"Koban-dravina" is a Malagasy speciality made by grinding together peanuts and brown sugar, then enveloping the mixture in a sweetened rice flour paste to produce a bundle approximately a foot long and five inches (127 mm) thick. The bundle is wrapped in banana leaves and boiled for several days until the sugar caramelizes and the rice flour has solidified and been permeated with sweetened peanut oil. The resulting cake  is served in thin slices, again typically on sheets of newspaper for portability. As a result of French colonization, "pain francais" (french baguette) is still one of the most commonly sold and enjoyed breads in Madagascar.
"Koba akondro" is a sweet that is commonly sold at rest stops or gas stations and is made by wrapping a batter of ground peanuts, mashed bananas, honey and corn flour in banana leaves and steaming or boiling the small cakes until the batter has set. Peanut brittle, dried bananas, balls of tamarind paste rolled in colored sugar, caca pigeon ("pigeon droppings," a snack of deep-fried salted flour dough) and potato chips are all commonly sold on the street, as is home-made yogurt. In rural areas, steamed manioc or sweet potatoes are eaten, often with sweetened condensed milk.
While "ranonapango" is the most common and traditional beverage in Madagascar, a variety of other drinks are available for purchase. Tea and coffee are locally produced and widely consumed, as is Star Breweries' Three Horses Beer ("THB"). Wine is produced in the southern Highlands region, and Dzama rum is cheap and plentiful. Fruit juices are popular, and a hot beverage made from powdered sweetened soy is often consumed at breakfast. Fresh milk, however, is a rarity, and the locally produced yogurts or sweetened condensed milk mixed with hot water are the most common dairy sources of calcium.
Traditionally, fresh fruit may be eaten after a meal as a dessert. Fresh sugarcane is also occasionally enjoyed as a treat. A great variety of temperate and tropical fruits are grown locally and are often enjoyed sprinkled with sugar. Temperate fruits found in Madagascar include but are not limited to apples, lemons, limes, pumpkins, watermelon, oranges (whose peel often remains green even when ripe), cherries and strawberries. Among the many tropical fruits commonly eaten in Madagascar are coconut, tamarind, mango, pineapple, avocado and guavas, as well as longans, lychees, "pok-pok" ("voanantsindrana"), persimmon, and the fruit of the baobab tree, which is only available during a brief period near the end of the rainy season (typically March).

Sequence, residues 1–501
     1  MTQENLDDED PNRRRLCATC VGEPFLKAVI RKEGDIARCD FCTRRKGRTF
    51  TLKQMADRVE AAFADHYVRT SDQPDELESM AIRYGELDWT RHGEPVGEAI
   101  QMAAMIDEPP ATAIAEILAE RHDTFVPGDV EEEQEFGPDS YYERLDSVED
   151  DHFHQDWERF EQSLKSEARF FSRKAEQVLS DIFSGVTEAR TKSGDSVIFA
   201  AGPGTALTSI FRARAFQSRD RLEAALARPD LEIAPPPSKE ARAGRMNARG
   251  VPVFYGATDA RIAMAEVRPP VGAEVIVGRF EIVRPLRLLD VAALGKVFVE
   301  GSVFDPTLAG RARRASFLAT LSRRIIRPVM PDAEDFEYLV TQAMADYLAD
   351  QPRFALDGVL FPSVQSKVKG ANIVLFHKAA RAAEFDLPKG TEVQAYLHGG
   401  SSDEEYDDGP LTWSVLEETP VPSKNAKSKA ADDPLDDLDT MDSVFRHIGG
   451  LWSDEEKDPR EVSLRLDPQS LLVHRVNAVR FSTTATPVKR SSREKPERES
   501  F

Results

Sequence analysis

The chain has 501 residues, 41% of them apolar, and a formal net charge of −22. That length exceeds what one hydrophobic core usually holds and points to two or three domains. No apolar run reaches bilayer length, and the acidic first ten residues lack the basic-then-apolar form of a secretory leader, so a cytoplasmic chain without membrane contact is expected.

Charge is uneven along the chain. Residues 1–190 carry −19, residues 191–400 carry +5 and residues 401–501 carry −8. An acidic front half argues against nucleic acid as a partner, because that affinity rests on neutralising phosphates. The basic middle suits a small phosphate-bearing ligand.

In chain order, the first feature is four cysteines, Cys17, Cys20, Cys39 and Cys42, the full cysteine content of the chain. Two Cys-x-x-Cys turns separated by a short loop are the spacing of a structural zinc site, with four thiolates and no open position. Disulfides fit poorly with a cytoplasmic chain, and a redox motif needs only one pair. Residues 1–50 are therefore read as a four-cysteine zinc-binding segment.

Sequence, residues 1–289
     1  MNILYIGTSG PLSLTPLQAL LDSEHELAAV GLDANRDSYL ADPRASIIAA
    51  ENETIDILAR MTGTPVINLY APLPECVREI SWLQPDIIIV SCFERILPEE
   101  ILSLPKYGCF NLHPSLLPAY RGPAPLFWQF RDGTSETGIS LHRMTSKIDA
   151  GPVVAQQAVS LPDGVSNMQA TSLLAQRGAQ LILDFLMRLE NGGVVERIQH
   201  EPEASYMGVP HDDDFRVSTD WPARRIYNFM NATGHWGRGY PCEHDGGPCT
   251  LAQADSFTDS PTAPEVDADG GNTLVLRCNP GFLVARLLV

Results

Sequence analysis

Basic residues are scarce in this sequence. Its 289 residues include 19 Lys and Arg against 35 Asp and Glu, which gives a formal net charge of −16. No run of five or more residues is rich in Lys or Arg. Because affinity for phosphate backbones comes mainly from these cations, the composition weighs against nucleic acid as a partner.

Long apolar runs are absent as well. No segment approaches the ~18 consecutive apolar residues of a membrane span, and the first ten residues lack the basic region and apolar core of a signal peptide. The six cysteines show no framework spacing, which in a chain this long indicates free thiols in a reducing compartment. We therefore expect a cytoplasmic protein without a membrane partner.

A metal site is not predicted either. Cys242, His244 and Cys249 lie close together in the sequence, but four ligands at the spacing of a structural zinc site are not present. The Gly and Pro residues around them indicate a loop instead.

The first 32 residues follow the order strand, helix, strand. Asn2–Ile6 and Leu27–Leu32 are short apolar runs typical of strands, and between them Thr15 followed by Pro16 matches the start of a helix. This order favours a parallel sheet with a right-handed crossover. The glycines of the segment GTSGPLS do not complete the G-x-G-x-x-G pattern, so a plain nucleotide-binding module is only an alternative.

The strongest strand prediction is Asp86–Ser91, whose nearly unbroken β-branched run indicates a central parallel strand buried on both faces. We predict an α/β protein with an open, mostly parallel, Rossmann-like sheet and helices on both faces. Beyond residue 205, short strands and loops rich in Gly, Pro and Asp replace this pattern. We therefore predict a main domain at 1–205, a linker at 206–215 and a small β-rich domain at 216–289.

Madagascar is known for its high-quality cocoa, and Antananarivo-based Chocolaterie Robert produces excellent fresh chocolate bars, truffles and a variety of other treats using local cocoa. Dark, light and (to a lesser extent) white chocolate bars are available in neighborhood shops across the country, while other chocolate delicacies are primarily made available at the main chocolaterie itself in the capital city, in upper-scale hotels, or in the classier gift shops in major cities and airports.
Desserts originating in the neighboring countries of Comoros or Mauritius have made their way to the coasts. French pastries and cakes are also very popular across the island and may be purchased at the many "patisseries" found in towns and cities throughout Madagascar.
That is worth noting that several foreign dishes have been adopted in Madagascar and are widely prepared at home and in restaurants. Chief among these is "riz cantonais" (Chinese style fried rice); "soupe Chinoise" (Chinese style soup with noodles); Vietnamese Spanish Chicken (mi-xao) and egg rolls ("nem"), and Indian samosas, are also extremely popular.
To learn more:
[http://www.africa.upenn.edu/Cookbook/Madagascar.html] Malagasy Cookbook, by the University of Pennsylvania Department of African Studies
[http://razafimalala.free.fr/Recette/komban_dravina.htm] Koban-dravina recipe and photos (in French)
[http://ikalapiso.free.fr/Recette_malgache_23.htm] Malagasy recipes (in French)
[http://razafimalala.free.fr/Recette/SommaireRecette.htm] Extensive list of Malagasy recipes (in French)
Madagascar Cuisine of Africa